Although health indicators assist in understanding the health of a geographically defined population, they do not tell the whole story. For example, a baby born in census tract 6105.01 in Leesburg can be expected to live 7 fewer years than a baby born 7 miles away, in nearby Countryside (census tract 6110.03). Within these seven miles, median annual income drops from $101,713 in Countryside to $73,431 in Leesburg; the percentage of adults with at least a bachelor’s degree drops from 61.5% to 38.3%; and the percentage of black and Hispanic residents jumps from 5.5% and 5.9% in Countryside, to 14.1% and 18% in Leesburg, respectively. Other measures of health tell similar stories of inequity when broken down by race: black residents have an infant mortality rate 3 times greater than that of white residents. Amongst Medicare beneficiaries 65+, black residents have an increased rate of hospitalization due to high blood pressure, compared to their white or Hispanic neighbors; while Hispanic residents have a much lower rate of hospitalization due to heart disease.
Within Loudoun County, there are significant disparities in health amongst people of different races, ethnicities, and incomes. These differences can be partially attributed to social determinants of health, which, according to the World Health Organization, are the conditions in which people are born, grow, work, live, and age.
Although Loudoun County has a number of health resources, accessing health services proves challenging for some county residents. There is one primary care physician for every 1,350 residents of Loudoun County. Although there is no widely accepted optimal rate of physicians to total population, Loudoun is ranked in the top 90% of the United States for this metric. Inova Loudoun Hospital, a part of the not-for-profit Inova Healthcare System, is a 183-bed acute care community hospital located in Leesburg. StoneSprings Hospital Center, part of the HCA Virginia Health System, is a 124-bed center located in Dulles. Additionally, there are many urgent care centers located within the county, and Loudoun County’s local public health system provides a number of immunizations and testing for tuberculosis and sexually transmitted infections for some residents. However, the majority of these resources are located in the eastern portion of the county, between Leesburg and Sterling. For some residents in the western portion of the county, this means traveling more than 20 miles one-way to access services in Leesburg.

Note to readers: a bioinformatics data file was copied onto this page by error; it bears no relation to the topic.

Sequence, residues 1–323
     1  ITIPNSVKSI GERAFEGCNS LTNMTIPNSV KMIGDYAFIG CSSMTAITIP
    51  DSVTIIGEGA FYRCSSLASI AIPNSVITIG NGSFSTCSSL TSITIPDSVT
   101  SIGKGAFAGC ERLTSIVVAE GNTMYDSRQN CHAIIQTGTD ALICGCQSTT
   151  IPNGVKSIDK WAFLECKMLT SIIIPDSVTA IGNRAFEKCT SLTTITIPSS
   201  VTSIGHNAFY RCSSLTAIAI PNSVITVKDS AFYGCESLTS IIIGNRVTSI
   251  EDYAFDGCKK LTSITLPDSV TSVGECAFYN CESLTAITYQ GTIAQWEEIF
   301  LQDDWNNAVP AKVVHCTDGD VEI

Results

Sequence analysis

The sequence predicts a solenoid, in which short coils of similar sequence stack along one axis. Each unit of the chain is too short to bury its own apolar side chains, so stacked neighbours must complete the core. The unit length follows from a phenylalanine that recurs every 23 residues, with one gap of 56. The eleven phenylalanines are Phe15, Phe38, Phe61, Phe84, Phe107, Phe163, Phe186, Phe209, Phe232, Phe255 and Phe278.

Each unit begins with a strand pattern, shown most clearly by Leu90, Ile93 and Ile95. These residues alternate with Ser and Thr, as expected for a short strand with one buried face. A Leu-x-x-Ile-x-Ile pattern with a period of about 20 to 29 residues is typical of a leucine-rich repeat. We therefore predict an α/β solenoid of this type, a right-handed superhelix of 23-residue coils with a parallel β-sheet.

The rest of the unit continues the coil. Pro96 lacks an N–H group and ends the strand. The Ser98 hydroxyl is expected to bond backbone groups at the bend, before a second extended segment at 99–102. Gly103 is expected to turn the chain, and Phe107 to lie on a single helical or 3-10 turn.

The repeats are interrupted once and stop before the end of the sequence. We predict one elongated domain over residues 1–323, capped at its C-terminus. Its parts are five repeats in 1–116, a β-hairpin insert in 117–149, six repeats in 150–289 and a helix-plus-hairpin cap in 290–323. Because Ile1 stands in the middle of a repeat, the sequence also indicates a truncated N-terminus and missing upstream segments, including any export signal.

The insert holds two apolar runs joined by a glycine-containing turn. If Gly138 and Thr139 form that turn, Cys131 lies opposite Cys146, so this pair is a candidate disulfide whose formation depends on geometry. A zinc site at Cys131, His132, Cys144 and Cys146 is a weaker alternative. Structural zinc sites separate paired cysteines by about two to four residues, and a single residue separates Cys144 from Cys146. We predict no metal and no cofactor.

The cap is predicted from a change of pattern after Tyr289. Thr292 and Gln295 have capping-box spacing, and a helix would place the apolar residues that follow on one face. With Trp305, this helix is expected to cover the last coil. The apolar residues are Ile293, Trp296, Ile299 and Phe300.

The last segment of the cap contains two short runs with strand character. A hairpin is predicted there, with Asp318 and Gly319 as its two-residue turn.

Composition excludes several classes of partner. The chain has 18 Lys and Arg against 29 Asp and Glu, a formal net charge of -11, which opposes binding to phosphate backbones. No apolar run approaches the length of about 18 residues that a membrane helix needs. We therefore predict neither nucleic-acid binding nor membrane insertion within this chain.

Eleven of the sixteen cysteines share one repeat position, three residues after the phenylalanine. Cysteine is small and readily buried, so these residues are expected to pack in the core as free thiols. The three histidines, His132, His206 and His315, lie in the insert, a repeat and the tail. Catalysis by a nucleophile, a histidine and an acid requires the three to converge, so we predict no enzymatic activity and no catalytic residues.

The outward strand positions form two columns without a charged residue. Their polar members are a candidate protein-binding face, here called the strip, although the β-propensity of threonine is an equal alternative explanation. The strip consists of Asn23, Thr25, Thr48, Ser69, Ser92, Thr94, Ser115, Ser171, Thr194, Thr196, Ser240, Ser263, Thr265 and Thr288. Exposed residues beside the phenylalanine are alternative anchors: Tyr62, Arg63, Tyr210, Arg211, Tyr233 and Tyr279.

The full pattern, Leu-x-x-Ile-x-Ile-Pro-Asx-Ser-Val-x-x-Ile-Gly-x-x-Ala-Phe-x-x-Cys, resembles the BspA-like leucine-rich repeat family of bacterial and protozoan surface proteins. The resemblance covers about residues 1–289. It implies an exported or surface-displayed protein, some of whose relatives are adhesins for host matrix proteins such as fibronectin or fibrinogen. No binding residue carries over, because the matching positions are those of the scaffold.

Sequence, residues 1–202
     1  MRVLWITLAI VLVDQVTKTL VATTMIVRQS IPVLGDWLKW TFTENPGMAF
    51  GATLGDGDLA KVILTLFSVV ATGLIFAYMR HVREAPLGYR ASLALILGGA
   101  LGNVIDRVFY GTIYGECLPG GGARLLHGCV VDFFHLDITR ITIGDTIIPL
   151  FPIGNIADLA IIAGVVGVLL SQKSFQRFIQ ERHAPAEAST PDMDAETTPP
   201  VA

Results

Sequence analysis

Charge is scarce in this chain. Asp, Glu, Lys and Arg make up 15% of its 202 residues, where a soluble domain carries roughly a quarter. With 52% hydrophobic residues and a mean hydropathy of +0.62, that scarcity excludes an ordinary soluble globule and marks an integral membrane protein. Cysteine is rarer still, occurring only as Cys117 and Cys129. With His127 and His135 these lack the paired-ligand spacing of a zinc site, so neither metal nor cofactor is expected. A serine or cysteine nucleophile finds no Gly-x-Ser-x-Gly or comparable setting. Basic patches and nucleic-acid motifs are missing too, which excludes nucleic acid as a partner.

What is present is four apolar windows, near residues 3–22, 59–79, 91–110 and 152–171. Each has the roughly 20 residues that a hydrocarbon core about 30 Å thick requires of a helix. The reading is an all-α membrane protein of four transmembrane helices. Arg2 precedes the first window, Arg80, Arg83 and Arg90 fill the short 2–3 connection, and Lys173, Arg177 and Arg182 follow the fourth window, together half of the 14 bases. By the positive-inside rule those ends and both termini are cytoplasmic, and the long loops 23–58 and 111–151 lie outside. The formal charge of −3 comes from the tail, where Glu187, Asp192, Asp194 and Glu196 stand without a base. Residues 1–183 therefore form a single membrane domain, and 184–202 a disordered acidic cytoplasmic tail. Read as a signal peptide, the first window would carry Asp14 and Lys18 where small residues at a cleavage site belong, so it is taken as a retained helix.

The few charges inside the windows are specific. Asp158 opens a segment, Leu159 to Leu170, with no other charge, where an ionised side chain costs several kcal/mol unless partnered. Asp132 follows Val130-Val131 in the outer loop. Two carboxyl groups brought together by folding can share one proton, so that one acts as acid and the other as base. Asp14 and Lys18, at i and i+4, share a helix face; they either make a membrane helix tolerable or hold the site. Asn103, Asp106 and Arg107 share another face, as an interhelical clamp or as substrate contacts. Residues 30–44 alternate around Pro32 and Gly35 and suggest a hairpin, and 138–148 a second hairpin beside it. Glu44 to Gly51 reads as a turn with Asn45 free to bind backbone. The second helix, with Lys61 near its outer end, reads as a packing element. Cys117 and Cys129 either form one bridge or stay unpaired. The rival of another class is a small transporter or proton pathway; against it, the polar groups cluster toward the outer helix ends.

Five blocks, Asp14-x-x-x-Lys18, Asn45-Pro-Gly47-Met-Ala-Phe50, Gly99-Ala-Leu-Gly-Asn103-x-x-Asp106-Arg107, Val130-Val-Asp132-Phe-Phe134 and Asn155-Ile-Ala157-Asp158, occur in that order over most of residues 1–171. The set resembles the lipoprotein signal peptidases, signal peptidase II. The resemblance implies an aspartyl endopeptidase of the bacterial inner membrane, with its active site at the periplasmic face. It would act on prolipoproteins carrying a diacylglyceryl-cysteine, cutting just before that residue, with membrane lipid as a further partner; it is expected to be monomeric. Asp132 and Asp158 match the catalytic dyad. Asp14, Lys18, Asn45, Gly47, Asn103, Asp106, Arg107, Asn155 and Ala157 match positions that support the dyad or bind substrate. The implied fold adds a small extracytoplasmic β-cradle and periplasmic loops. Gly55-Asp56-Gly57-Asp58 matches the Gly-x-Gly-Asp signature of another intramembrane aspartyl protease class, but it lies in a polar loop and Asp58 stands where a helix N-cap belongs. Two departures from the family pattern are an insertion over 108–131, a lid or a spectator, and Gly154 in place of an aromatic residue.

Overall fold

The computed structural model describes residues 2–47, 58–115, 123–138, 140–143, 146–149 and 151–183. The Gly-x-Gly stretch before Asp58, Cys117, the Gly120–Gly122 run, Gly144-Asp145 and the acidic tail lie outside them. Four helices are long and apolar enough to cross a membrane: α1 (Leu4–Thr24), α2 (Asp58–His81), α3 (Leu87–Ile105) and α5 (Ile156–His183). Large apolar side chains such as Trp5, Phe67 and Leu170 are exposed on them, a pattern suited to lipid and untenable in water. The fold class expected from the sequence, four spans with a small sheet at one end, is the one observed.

In addition to geography, cost may be a barrier for the 9% of Loudoun residents who are uninsured. Although this rate is lower than Virginia’s average of 14%, it remains higher than the averages of neighboring West Virginia (8%), and Maryland (7%), where Medicaid was expanded. Those without insurance or resources to pay for care rely on safety-net health care clinics for primary health care services. Inova Juniper has an HIV/AIDs clinic located in Leesburg. There is one Federally Qualified Health Center (FQHC), HealthWorks for Northern Virginia, and one free clinic, Loudoun Free Clinic, located within Loudoun County. Additionally, there are two other FQHCs in nearby counties that serve Loudoun residents.
Although Loudoun County is one of the healthiest in the country, inequities amongst its residents persist. Making Loudoun County a healthier place for all to live requires not only expanding wellness initiatives and access to quality healthcare, but also addressing the economic and social wellbeing of its citizens.